Did Rand Paul Flip-Flop on Iran By Signing Tom Cotton's Letter?

In January, the Kentucky senator said he favored keeping the “diplomatic option” open with Iran.

Senator Rand Paul, a Republican from Kentucky, talks to reporters before walking into the Senate Chamber in Washington, D.C., U.S., on Friday, Sept. 27, 2013.

Photographer: Andrew Harrer/Bloomberg

Of the 47 Republican politicians who signed a letter this week designed to scuttle the ongoing nuclear negotiations between Iran and the United States, Kentucky Senator Rand Paul stands out. 

After all, it was Paul who, at a Jan. 25 forum sponsored by the Koch brothers, took a stand against two of his potential presidential rivals, Senators Ted Cruz and Marco Rubio, over whether the Obama administration's diplomacy with Iran should be given a chance before further sanctions are put in place. 

“Are you ready to send ground troops into Iran? Are you ready to bomb them? Are you ready to send in 100,000 troops?” Paul asked his fellow senators. “I’m a big fan of trying to exert and trying the diplomatic option as long as we can. If it fails, I will vote to resume sanctions and I would vote to have new sanctions. But if you do it in the middle of negotiations, you’re ruining it.”

The unspoken purpose of the letter orchestrated by Arkansas Senator Tom Cotton, of course, was to bring negotiations with Tehran's government to a halt by calling into question the legal standing of any deal reached with the Obama administration not ratified by Congress. Yet Paul saw fit to add his John Hancock to the document. While Paul, an ardent defender of the constitution, routinely seeks to curb what he sees as a power-hungry executive branch, Cotton's letter also seemed designed to quash Paul's favored "diplomatic option."

This is not, however, the first time that Paul has seemed to harden his positions as he prepares for a potential White House run. This fall, he came under attack from former Pennsylvania Senator Rick Santorum on the subject of whether Paul supported cutting foreign aid to Israel. 

"He's suggesting yeah, cut off foreign aid to Israel. I was in Israel just a few weeks ago, and I can tell you the people there are very concerned about this isolationism creeping up within the Republican Party," Santorum said on the Steve Malzberg Show. "We see evidence that Rand Paul buys into this idea that Israel is the problem...the irritant within the Middle East, and that's just not where our country needs to be. We need to stand firmly with our allies and understand that the irritant is radical Islam and nothing else."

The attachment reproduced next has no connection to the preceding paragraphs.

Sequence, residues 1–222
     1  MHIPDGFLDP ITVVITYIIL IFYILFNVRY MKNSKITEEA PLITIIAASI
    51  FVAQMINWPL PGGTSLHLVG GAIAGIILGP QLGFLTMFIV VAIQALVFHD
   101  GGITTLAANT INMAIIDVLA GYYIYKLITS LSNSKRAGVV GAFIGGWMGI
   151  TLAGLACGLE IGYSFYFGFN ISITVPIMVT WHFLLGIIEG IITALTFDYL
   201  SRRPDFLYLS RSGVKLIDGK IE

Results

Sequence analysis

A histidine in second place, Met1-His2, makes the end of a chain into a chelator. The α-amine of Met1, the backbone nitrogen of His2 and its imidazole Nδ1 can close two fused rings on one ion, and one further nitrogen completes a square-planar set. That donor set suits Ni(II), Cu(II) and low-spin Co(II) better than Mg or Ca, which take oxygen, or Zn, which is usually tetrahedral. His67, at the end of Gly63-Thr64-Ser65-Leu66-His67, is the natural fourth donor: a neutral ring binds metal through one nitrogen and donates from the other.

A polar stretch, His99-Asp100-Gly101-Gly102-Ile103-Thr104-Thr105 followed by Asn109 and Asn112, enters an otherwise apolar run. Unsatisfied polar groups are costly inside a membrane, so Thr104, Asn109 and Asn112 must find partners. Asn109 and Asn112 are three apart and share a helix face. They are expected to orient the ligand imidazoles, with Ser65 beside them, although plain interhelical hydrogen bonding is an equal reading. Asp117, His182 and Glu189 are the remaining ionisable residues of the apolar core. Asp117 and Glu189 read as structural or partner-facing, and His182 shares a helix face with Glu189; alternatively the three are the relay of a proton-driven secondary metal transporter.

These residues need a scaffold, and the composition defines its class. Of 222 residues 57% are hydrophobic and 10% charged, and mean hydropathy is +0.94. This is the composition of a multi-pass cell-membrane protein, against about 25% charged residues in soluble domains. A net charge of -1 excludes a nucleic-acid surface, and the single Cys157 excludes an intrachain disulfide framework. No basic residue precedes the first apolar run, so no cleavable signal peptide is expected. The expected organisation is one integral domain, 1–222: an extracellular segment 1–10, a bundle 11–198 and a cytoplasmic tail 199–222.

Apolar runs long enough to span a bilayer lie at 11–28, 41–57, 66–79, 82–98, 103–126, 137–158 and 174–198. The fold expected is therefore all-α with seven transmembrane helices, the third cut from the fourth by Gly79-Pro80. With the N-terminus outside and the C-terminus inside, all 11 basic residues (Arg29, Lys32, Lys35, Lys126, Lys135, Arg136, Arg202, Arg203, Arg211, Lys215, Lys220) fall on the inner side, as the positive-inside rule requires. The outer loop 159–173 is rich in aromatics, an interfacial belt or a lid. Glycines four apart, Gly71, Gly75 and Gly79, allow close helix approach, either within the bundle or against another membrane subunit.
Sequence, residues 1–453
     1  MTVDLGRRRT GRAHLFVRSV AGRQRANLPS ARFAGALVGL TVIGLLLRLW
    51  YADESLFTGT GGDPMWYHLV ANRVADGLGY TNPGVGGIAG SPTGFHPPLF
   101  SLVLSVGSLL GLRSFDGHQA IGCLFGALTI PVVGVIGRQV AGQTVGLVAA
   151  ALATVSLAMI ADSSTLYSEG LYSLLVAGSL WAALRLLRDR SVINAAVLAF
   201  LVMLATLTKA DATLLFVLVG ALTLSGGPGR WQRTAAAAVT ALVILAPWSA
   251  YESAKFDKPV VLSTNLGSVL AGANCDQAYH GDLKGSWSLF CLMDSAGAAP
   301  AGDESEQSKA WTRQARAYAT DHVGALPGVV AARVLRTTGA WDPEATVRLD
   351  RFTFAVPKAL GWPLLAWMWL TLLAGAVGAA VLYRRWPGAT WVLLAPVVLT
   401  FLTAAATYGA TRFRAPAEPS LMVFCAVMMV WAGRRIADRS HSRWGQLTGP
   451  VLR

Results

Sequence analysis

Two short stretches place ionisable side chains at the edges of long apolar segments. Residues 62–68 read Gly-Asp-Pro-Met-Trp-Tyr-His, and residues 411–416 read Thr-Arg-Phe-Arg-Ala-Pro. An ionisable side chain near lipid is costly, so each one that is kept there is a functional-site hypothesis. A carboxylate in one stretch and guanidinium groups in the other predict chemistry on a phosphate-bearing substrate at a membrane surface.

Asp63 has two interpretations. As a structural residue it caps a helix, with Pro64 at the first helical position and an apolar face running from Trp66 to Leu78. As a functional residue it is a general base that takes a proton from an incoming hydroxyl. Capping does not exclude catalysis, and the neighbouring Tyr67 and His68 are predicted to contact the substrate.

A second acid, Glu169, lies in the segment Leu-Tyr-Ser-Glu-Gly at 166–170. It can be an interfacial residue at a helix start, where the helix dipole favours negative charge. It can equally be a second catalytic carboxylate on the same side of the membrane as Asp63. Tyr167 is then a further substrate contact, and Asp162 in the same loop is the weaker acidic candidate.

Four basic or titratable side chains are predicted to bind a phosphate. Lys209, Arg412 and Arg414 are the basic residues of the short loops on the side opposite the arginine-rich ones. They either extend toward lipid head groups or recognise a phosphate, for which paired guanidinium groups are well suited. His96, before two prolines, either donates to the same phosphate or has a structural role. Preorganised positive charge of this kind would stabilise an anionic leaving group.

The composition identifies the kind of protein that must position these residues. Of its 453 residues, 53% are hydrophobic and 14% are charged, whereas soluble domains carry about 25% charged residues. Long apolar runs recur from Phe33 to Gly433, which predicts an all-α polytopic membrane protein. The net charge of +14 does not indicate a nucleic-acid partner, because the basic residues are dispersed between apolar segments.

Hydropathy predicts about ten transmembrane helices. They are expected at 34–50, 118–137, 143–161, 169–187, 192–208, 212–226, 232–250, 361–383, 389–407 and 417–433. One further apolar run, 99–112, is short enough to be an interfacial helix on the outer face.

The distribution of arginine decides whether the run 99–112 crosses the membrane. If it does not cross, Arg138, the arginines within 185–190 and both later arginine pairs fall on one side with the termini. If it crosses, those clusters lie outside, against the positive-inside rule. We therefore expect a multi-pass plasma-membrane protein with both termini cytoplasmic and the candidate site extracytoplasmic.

Defending himself from allegations from Santorum and others, Paul said on whether he favorited pulling foreign aid from countries that included Israel. 

“I haven’t really proposed that in the past,” Paul told Yahoo News. “We’ve never had a legislative proposal to do that. You can mistake my position, but then I’ll answer the question. That has not been a position—a legislative position—we have introduced to phase out or get rid of Israel’s aid. That’s the answer to that question. Israel has always been a strong ally of ours and I appreciate that. I voted just this week to give money—more money—to the Iron Dome, so don’t mischaracterize my position on Israel.”

That response did not spare him, however, from further attacks. 

Paul has often seemed slightly out of step with the hawkish faction of his party, as was evidenced by the debate over whether he had clapped enthusiastically enough during Israeli Prime Minister Benjamin Netanyahu's address before Congress. 

"I gave the prime minister 50 standing ovations, I co-sponsored bringing him here, and on the day that I also decide to co-sponsor the Corker bill saying that any final deal [with Iran] has to be approved, we have gossipy websites looking at, you know, the metric of how fast you clap. I mean, I think they demean themselves by putting that out," Paul told Fox News in response to critics. 

Still, the question remains why voting for the Corker amendment and signing Cotton's letter while negotiations are ongoing over Iran's nuclear program does not constitute, to use Paul's words, "ruining it."

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